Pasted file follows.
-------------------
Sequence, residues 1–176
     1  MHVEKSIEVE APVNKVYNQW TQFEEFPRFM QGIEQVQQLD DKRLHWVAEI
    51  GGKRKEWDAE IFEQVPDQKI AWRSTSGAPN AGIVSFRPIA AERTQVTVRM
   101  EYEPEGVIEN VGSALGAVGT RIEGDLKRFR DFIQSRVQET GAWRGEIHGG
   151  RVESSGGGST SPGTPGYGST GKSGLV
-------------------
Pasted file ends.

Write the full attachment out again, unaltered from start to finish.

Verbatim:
Sequence, residues 1–176
     1  MHVEKSIEVE APVNKVYNQW TQFEEFPRFM QGIEQVQQLD DKRLHWVAEI
    51  GGKRKEWDAE IFEQVPDQKI AWRSTSGAPN AGIVSFRPIA AERTQVTVRM
   101  EYEPEGVIEN VGSALGAVGT RIEGDLKRFR DFIQSRVQET GAWRGEIHGG
   151  RVESSGGGST SPGTPGYGST GKSGLV